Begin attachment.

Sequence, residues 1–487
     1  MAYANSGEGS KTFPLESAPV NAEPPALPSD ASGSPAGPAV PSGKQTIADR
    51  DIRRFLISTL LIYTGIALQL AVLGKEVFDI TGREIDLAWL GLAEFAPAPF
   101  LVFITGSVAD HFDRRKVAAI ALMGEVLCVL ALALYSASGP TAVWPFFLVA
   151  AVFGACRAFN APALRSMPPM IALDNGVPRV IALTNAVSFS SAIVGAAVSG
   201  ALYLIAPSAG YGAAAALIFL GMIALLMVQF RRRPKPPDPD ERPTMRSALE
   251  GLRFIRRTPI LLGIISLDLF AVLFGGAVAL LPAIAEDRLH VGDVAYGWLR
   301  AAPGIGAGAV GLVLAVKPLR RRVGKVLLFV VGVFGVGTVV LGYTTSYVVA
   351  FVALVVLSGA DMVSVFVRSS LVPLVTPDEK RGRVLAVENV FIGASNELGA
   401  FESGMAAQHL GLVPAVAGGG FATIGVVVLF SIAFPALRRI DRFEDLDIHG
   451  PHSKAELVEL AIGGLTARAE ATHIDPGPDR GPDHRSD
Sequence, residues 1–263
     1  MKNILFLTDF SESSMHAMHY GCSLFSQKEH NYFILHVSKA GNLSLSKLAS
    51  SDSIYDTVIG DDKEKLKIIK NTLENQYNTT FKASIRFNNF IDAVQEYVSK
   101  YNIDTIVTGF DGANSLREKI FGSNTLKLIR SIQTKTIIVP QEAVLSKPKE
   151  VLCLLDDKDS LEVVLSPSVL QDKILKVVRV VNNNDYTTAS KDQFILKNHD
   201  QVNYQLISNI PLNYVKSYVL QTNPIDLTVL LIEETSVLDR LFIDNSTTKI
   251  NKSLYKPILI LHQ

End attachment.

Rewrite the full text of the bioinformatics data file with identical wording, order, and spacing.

Sequence, residues 1–487
     1  MAYANSGEGS KTFPLESAPV NAEPPALPSD ASGSPAGPAV PSGKQTIADR
    51  DIRRFLISTL LIYTGIALQL AVLGKEVFDI TGREIDLAWL GLAEFAPAPF
   101  LVFITGSVAD HFDRRKVAAI ALMGEVLCVL ALALYSASGP TAVWPFFLVA
   151  AVFGACRAFN APALRSMPPM IALDNGVPRV IALTNAVSFS SAIVGAAVSG
   201  ALYLIAPSAG YGAAAALIFL GMIALLMVQF RRRPKPPDPD ERPTMRSALE
   251  GLRFIRRTPI LLGIISLDLF AVLFGGAVAL LPAIAEDRLH VGDVAYGWLR
   301  AAPGIGAGAV GLVLAVKPLR RRVGKVLLFV VGVFGVGTVV LGYTTSYVVA
   351  FVALVVLSGA DMVSVFVRSS LVPLVTPDEK RGRVLAVENV FIGASNELGA
   401  FESGMAAQHL GLVPAVAGGG FATIGVVVLF SIAFPALRRI DRFEDLDIHG
   451  PHSKAELVEL AIGGLTARAE ATHIDPGPDR GPDHRSD
Sequence, residues 1–263
     1  MKNILFLTDF SESSMHAMHY GCSLFSQKEH NYFILHVSKA GNLSLSKLAS
    51  SDSIYDTVIG DDKEKLKIIK NTLENQYNTT FKASIRFNNF IDAVQEYVSK
   101  YNIDTIVTGF DGANSLREKI FGSNTLKLIR SIQTKTIIVP QEAVLSKPKE
   151  VLCLLDDKDS LEVVLSPSVL QDKILKVVRV VNNNDYTTAS KDQFILKNHD
   201  QVNYQLISNI PLNYVKSYVL QTNPIDLTVL LIEETSVLDR LFIDNSTTKI
   251  NKSLYKPILI LHQ